Stop worrying about having a small team, a small territory, or being part of a small organization. It’s not the size of your team, or your organization that matters, it’s the size of your ideas.
An executive team discovered that they were spending too much time in Santa’s chair, instead of letting the right key players in the business take the chair and make the call. How about in your organization? Are decisions being made at the right level in the company or are too few people holding onto Santa’s chair?
More is not always better. Adding new initiatives to your strategic agenda before having the difficult conversations about what to take out, leads to an overstuffed strategy that does not perform.
What is the most strategic decision that you have made in the last 60 days, personally or professionally? When you look at the decision or decisions you selected, why did you consider it a strategic decision?
Have you ever ask the executive team for more resources or a bigger investment and came away empty handed? All too often the presenters, with legitimate needs, were talking about small rocks.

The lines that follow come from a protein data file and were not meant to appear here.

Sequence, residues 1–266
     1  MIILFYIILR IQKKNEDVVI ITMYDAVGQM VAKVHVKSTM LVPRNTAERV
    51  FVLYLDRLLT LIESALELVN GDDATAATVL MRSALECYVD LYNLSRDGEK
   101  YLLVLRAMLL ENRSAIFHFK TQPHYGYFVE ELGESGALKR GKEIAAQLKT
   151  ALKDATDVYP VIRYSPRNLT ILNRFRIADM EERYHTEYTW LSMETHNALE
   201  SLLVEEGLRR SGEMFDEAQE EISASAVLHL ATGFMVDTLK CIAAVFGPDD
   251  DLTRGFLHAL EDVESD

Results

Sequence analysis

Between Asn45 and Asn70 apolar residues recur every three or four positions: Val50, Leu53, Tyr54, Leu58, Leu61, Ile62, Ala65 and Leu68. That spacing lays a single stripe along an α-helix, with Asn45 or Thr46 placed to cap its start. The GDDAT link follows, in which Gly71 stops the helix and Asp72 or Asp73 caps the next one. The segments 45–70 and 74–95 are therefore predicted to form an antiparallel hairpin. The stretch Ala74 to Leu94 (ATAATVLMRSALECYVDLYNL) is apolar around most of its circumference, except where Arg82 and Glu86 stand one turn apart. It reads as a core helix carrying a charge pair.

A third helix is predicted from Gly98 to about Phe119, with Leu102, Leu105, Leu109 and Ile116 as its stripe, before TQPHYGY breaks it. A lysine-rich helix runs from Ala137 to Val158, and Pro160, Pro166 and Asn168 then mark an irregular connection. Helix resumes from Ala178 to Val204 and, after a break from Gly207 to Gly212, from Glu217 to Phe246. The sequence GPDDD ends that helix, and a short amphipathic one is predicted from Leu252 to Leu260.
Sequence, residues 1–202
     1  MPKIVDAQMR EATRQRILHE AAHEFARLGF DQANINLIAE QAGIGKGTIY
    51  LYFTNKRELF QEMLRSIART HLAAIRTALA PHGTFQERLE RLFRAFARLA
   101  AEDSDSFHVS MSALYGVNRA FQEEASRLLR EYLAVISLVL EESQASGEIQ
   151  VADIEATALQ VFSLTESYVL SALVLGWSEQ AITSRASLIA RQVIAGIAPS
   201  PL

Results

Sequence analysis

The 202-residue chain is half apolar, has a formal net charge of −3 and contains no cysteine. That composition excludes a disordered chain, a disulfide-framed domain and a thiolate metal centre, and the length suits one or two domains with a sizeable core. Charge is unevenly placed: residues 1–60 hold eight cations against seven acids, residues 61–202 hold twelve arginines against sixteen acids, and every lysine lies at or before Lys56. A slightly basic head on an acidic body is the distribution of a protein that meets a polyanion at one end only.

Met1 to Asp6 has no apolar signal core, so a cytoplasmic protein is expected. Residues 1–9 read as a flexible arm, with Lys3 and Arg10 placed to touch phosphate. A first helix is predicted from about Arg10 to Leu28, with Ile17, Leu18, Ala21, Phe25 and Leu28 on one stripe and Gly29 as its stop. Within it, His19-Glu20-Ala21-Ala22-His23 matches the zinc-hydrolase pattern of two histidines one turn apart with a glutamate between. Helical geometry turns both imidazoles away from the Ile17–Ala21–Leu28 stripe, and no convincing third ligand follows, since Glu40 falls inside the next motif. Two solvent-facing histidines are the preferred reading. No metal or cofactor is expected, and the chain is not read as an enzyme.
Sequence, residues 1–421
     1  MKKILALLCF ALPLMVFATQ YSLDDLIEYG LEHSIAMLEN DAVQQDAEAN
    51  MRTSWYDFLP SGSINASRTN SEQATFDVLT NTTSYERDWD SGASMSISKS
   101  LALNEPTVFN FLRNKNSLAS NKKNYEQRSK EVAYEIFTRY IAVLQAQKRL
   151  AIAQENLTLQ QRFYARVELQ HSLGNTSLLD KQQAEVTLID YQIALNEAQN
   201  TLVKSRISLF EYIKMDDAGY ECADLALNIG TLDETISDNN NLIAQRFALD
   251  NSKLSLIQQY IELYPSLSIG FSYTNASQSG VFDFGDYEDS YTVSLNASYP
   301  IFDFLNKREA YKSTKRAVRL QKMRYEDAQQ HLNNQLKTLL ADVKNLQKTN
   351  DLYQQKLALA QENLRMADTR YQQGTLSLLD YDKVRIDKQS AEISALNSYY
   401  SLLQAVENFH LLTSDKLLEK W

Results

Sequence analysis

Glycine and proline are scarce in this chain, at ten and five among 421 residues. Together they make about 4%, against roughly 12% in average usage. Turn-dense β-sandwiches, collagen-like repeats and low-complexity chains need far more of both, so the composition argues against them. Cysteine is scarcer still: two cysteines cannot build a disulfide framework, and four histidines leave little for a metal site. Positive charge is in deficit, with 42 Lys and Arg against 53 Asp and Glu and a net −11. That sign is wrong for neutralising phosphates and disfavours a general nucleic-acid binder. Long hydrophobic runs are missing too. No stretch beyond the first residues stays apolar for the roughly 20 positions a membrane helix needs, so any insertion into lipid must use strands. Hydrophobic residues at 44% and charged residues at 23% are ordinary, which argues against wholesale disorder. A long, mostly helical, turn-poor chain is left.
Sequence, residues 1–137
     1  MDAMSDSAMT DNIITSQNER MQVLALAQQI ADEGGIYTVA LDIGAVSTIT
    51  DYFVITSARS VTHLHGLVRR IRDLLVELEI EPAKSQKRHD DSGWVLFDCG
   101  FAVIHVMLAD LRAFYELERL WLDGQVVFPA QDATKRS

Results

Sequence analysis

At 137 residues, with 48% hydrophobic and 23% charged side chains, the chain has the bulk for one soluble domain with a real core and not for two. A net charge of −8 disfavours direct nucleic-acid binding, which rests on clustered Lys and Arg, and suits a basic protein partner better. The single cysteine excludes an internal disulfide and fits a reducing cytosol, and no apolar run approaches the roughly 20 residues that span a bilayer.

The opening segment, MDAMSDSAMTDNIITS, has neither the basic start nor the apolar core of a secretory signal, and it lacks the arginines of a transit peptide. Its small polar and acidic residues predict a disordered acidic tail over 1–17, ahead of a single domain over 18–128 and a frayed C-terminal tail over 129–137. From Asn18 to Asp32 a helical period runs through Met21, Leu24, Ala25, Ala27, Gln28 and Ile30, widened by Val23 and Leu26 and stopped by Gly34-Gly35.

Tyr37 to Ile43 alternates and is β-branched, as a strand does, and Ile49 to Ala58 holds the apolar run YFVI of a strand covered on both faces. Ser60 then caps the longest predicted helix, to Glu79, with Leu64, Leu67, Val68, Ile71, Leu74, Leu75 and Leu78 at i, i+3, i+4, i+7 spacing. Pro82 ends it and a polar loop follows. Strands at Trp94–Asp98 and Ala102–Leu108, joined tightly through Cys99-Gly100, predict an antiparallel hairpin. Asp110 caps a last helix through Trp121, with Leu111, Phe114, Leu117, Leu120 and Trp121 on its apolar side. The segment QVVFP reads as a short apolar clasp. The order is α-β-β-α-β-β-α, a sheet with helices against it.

Understanding what is essential and having the courage to act on it is what separates true leaders from clones in the crowd.
How do you ensure that your team, and your organization, run through the true finish line?
Strategy that focuses on helping customers, creating value, or enabling people do something better or different than they did it before, is a solid foundation for an emotionally compelling strategy.
Leadership teams fall short of their strategic ambitions, in many instances, because they settle for strategy authorship, rather than strategic ownership. Just because a leadership team has created strategy (authorship) does not mean they and the organization own it.